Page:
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Business Firms of Wynnewood
Return to Wynnewood History

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Please remember dates, names and locations could be in error but are correct to the best of our knowledge.

Since the history of Wynnewood, Indian Territory, seems to stem from the time the Gulf & Colorado Railway Company ran a line through here from Gainsville, Texas, to Purcell, Oklahoma, the first dates will show up at that time.

In 1887 there was a small settlement at a crossing on the Washita River about four miles North of the present town of Wynnewood.  That settlement was where the stage coach line crossed the river and was known as Cherokee Crossing or Cherokee Town.  Living in Cherokee Town was a family by the name of Walner.  when the railroad came through Mr. John Walner and his wife decided it was time to move their family and belongings to a location on the railroad.  As a result of their decision, John Walner was the first man to set up in business at Wynnewood station.  By ox team, Mr. and Mrs. Walner moved a house and furniture, along with a small amount of merchandise to Wynnewood.  Mr. Walner set up his store in a tent and opened the first grocery store in Wynnewood.  Later Mr. Walner became a Deputy U.S. Marshall of the is area.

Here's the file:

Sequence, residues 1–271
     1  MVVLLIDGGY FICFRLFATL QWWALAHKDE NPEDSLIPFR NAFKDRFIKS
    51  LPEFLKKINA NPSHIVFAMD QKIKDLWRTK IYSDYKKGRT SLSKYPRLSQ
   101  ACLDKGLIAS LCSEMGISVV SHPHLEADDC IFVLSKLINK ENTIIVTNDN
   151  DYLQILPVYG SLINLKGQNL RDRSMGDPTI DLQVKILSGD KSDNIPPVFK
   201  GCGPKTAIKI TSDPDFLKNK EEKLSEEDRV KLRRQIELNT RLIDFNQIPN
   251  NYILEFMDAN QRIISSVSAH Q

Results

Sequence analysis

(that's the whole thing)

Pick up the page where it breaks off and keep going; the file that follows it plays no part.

About the same time, others began to drift into this area and set up homes and places of business.  In 1887 Andy Porter set up a grocery store at a location   on Commercial Avenue.  In that same year a lumber yard, known as the Abernathy Lumber Company, was established.  Also, in that year another grocery store was started in a building on the south side of Main Street.  This store was opened by J.C. Wilder.  He later moved his store to various other locations in town.